Monday, January 2, 2012

The Beit Shemesh Fault Line

6 days a week, I wake up in the morning and walk my daughter to school. There are only crossing gaurds on one side of the street, so she needs me to help her cross the other street before she is under the care of the crossing guards (who happen to be Grade 6 students). When the school day ends, I meet her at the park near the crossing guards. In a little more than a year, she will be 9 years old and able to do this walk all by herself.

About a 10 minute drive on the other side of town. Orot, a similar religous girls school opened moved into their new building at the beginning of the school year. Their experience is completely different. It is located near the border between the Chearedi Neighbourhood RBS B and the edges of 3 Datei Leumi communities. A group of men calling themselves the Sikirm (bearing the same name as the group who's zealousness to force the Jewish to fight the Roman's lead to the destruction of the second Beith HaMikdash) come out to intimidate the girls (Grade 1 - 6). Name calling, spitting and occasionally throwing rocks and bricks are all par for the course. Parents (and at certain points members of the community) have been escorting the children through the group of thugs to protect their safety. Last week a news crew filmed a scared 8 year old girl, as her mother tried to walk her to school. The image has inspired the country to take action.

The State does have a history of mistreating religious Jews. The Charedi community reaction to the backlash has been t0 fall back to being victims of Charedi bashing and everyone being against them. Most cannot even imagine that this is a direct backlash to their long tradition of using violence and political power to force their life style on others. When I was in Yeshiva, I was a block away from where they protested to have Bar Illan street closed on Shabbat. I saw wrongs on both sides. One night when a police car was hit with a rock, an arrest was made. They spent the night calling the soldiers Nazis, which in their world is a term for anyone who doesn't agree with them. The Nazi imagery that they used Saturday night should not have been a surprise to anybody.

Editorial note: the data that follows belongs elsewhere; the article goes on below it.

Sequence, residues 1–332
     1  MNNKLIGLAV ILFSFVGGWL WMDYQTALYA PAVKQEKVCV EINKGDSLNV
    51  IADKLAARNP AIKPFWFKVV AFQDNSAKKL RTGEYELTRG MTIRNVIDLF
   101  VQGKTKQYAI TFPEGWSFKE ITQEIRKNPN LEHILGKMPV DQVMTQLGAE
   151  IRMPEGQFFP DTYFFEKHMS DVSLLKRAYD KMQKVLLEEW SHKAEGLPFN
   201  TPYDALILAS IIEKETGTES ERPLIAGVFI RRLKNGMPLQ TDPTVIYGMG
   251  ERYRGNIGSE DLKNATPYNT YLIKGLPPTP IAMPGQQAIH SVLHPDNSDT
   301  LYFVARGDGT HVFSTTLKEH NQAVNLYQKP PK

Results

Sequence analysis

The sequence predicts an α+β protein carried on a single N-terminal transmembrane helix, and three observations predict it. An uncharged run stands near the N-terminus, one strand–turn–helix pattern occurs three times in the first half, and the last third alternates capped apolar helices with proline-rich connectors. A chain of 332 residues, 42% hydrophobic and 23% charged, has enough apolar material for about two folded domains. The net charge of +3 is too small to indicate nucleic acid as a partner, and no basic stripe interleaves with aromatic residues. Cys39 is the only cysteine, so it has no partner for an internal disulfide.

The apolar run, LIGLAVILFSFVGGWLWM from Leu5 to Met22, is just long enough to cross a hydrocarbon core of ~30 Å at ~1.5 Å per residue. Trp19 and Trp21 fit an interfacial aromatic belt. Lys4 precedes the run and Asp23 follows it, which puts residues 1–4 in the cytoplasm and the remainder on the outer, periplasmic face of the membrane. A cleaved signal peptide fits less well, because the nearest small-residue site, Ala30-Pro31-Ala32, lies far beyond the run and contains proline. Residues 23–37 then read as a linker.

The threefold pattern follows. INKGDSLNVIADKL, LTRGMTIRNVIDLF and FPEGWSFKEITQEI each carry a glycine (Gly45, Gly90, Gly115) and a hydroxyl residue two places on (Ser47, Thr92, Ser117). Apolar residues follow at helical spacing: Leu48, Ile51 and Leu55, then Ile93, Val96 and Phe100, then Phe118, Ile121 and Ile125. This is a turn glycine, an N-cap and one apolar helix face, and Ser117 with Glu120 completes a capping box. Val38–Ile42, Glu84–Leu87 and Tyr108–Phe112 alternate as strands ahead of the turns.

In order to solve the problem at Orot, it is important to look at the real root of the problem. Most importantly this is a turf war. The Sikirm want the school for themselves and to expand the borders of their community and sphere of influence.

Moshe Abutbul was elected under the mantra of a Mayor for everyone. His actions have been anything but as he tries to cater to the Charedi community. In RBS A, the Mikvaot was split between those who wanted a "Mehdarin" experience and those who wanted to have the same standards applied by Jewish communities around the world. He tried to hand them over to the Charedi community and was only stopped by the backlash from the Datei Leumi community and leadership. He has been working to close the only secular school in RBS A, while telling parents he was trying to keep it open. Eventually the Minister of Education stepped in to declare that he will use his powers to guarantee the school stays open. The year my daughter entered Grade 1, school registration was delayed, waiting for the final decision of the school to be made.